All that being said, Hernandez does seem to be having an ‘assist of the season’ competition with himself. I can’t imagine any other player in the Championship pulling off these two passes:
He hasn’t scored as much
An obvious one really, but when a player has the best goalscoring season of their career in their 30s, they are unlikely to follow it up with anything other than a downturn in that regard. However, in a side massively underperforming in front of goal, Hernandez is the only one of Leeds’ midfielders and forwards not to be underperforming their xG: he has four goals from 3.64xG.
On top of this, Hernandez’s shooting accuracy is actually up this season at 34% compared to 29.7% in 18/19. In that season, he overperformed his xG by 2.58. He’s also taking almost exactly the same amount of shots per 90 (2.4 last season and 2.36 this season) so it’s not because his shot volume was much higher last season.
Without being able to view post-shot xG data or locations of the shots on target, it’s hard to say for sure why he’s not scored more considering he’s hitting the target more often. We can’t know for sure whether he’s not placing his shots in the corners enough or whether he’s just been unlucky with goalkeeping. I’d hazard a guess that it’s a bit of both.
One thing that we can see, though, are the locations he’s taking his shots from (N.B these do not include headers):
One thing that stands out immediately when viewing these shots maps is the lack of shots being taken from between the penalty spot and the goal in 19/20.
In 18/19, Hernandez got in the box to support the striker more often, scoring six times from inside the penalty area (two were headers so don’t feature on these maps). One of the most notable occasions of him getting into the box to support was his winning goal in the 3–2 win at home to Millwall, where he burst into the six-yard box to slide home Tyler Roberts’ cut-back.
This season he has only scored twice from inside the box — latching onto a Klich through ball against Nottingham Forest in the second game of the season and a far-post header away at Huddersfield.
Hernandez is still one of Leeds’ most dangerous players at shooting from outside the box and is the only one in the team who has scored more than once from further than 18 yards.
So why isn’t he getting into the box as much?
I would suggest that it’s because of his positional change from right-wing to the centre. He’s starting deeper and also hanging back on the edge of the box to receive the ball should attacks break down, rather than attacking the far post from a wide position as he did last season.
That leads us nicely onto the next thing that’s commonly discussed regarding Hernandez.
He’s better on the right wing
I must admit that I’ve wondered this a few times myself and even suggested on the All Stats Aren’t We twitter account that Leeds might benefit from him returning to the right wing. He began the season there before Adam Forshaw’s injury and it’s where he spent the majority of last season.
In Saturday's game against Bristol City, Helder Costa tormented his opposing full-back, and though he still needs to add end product, he has been a constant threat for Leeds in recent weeks with Marcelo Bielsa clearly appreciating what he brings to the side. Notably, Costa has also greatly increased his numbers regarding pressing, making 11 and 9 ball recoveries in the Brentford and Bristol City games respectively, so it doesn’t look like he will be dropping out any time soon and so it’s likely Hernandez will continue in his central role.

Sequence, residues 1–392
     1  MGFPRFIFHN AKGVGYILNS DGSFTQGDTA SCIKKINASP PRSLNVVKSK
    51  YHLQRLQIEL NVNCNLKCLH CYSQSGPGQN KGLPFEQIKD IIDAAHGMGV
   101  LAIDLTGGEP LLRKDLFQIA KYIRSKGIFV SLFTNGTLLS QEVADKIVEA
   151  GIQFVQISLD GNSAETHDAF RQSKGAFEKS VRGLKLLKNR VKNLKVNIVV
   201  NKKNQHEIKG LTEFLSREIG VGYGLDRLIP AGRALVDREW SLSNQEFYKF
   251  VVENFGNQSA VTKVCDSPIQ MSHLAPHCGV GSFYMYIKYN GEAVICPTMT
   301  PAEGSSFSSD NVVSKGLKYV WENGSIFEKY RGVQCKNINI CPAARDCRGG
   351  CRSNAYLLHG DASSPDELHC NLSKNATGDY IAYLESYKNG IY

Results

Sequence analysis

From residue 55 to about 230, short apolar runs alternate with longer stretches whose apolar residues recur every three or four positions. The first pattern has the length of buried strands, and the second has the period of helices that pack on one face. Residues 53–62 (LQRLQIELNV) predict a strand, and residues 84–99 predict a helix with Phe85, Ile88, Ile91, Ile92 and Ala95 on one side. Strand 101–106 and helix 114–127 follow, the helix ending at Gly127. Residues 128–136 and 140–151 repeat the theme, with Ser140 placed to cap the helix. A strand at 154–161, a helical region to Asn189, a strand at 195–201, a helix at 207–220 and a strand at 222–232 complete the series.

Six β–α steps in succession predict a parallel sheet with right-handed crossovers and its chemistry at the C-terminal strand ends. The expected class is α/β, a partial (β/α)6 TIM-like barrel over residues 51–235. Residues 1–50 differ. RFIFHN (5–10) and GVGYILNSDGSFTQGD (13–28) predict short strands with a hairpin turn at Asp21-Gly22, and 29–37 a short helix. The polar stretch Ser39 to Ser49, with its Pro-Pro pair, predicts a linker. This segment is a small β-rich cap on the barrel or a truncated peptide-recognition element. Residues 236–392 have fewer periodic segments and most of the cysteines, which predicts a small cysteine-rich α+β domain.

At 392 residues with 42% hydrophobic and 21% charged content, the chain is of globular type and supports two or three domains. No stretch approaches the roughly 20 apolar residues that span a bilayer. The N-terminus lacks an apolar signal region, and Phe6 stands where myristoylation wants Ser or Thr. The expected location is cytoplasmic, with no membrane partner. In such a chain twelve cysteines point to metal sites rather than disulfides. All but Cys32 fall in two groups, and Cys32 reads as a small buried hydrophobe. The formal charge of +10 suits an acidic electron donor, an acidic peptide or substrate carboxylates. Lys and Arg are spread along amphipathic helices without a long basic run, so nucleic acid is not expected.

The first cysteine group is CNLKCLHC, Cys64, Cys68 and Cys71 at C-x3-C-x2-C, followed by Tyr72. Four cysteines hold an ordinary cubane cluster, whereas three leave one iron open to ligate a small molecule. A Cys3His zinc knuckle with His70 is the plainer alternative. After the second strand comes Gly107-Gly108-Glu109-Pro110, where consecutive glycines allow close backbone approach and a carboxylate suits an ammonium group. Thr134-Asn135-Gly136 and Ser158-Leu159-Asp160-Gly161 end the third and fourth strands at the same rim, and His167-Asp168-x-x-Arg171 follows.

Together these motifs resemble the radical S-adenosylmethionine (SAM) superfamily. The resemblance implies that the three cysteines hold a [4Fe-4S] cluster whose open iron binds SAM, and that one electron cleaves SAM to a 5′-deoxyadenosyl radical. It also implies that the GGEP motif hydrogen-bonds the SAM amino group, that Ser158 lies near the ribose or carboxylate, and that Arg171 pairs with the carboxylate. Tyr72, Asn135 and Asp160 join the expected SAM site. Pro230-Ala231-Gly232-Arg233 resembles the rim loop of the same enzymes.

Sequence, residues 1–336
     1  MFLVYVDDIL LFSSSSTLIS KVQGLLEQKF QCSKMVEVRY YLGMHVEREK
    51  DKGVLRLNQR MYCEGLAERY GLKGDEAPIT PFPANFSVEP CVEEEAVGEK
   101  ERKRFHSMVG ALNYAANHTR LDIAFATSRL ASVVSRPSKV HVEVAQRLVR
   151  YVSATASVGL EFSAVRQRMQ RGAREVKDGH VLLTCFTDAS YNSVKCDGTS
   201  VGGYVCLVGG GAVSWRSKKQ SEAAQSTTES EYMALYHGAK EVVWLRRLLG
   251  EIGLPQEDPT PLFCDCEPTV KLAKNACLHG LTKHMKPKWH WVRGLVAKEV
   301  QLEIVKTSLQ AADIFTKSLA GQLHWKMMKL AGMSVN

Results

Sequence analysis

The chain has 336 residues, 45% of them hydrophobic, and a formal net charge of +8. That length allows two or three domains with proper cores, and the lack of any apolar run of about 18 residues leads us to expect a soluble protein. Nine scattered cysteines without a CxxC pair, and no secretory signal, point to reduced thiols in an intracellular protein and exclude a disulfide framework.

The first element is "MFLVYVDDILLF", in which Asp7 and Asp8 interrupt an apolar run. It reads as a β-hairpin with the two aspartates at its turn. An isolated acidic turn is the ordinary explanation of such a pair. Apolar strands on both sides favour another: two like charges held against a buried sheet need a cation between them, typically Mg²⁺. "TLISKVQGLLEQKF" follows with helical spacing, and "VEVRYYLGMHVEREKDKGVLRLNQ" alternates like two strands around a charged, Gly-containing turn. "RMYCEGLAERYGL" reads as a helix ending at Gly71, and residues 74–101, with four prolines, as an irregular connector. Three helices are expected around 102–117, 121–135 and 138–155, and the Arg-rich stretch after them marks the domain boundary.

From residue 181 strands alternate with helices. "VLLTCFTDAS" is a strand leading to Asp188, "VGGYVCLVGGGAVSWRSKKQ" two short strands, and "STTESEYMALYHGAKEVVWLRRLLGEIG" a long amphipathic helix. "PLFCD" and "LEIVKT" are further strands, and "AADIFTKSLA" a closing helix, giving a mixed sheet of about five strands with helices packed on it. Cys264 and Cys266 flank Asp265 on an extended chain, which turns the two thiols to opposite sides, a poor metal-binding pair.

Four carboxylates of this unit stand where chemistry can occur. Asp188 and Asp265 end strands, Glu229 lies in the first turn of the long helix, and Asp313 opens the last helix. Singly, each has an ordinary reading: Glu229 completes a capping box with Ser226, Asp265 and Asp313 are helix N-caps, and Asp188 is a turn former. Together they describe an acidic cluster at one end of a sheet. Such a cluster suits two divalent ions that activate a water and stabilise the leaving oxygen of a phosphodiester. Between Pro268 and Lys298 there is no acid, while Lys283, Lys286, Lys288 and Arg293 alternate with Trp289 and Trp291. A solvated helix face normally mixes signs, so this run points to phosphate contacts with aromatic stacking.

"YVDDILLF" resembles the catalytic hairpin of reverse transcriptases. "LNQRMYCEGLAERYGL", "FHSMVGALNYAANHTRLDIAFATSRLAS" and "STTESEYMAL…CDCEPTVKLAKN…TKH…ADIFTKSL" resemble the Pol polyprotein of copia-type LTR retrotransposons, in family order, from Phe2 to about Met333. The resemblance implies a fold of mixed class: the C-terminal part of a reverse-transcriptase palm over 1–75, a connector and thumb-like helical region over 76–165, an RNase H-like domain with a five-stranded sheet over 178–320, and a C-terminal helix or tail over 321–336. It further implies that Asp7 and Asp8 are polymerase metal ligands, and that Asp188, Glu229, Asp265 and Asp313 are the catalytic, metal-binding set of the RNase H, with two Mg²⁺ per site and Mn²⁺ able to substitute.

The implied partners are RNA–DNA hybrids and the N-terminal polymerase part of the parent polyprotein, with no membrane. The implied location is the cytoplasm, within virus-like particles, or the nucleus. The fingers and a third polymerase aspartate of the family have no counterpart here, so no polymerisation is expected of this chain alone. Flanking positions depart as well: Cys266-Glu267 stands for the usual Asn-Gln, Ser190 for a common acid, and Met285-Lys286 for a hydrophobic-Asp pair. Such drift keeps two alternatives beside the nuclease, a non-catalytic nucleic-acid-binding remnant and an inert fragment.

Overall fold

One thing worth noting is that, whilst he might not get into the penalty area as much, he plays in largely the same way and even operates in very similar spaces on the field regardless of whether he lines up centrally or on the right.
The first of these two heat maps was taken from Saturday's game at Bristol City where Hernandez started in central midfield in Leeds’ 4–1–4–1 formation. The second is from the first home game of the season against Nottingham Forest where he played right wing in the same formation.
As you can see, whilst Hernandez dropped deeper to receive the ball against Bristol City, showing a patch of activity on the left-hand side just inside his own half, he still favours the inside right channel whether he starts on the right or not. In fact, even when he starts on right, he appears all over the pitch looking for the ball. When he starts on the right, he drifts inside and when he starts centrally, he drifts to the right.
His involvement in the game also doesn’t change regardless of position. He averages 60.72 passes per 90 on the right and 59.88 from the centre. His overall figure of 60.71 is the highest in the Leeds team and makes him the only representative in the Top 5 in the league in that metric who doesn’t play for Fulham. For those who argue ‘his legs have gone’, his passes per 90 has actually increased this season as well, so he is more involved than ever. Hernandez is the player Leeds are looking to get on the ball wherever and whenever he plays.
So Pablo isn’t broken
Hopefully, I’ve gone some way to showing you that Pablo isn’t broken and that he is really the league’s best playmaker, as he was last season.
Of course, a few more goals would show his importance to the team even more, but he remains the man who makes Leeds United’s attacking unit tick and he will surely come up with some big performances in the run-in to the end of the season. He’s shown himself to be a level above the division throughout Marcelo Bielsa’s tenure as Leeds manager with the Argentine even saying, ‘Pablo can improve me as a coach.’
Having been one of Leeds United’s greatest servants in their time in the Championship, if any one player deserves promotion to the Premier League, it’s Pablo Hernandez. Let’s hope he gets what he deserves.
You can follow Josh Hobbs on Twitter @JoshAHobbs.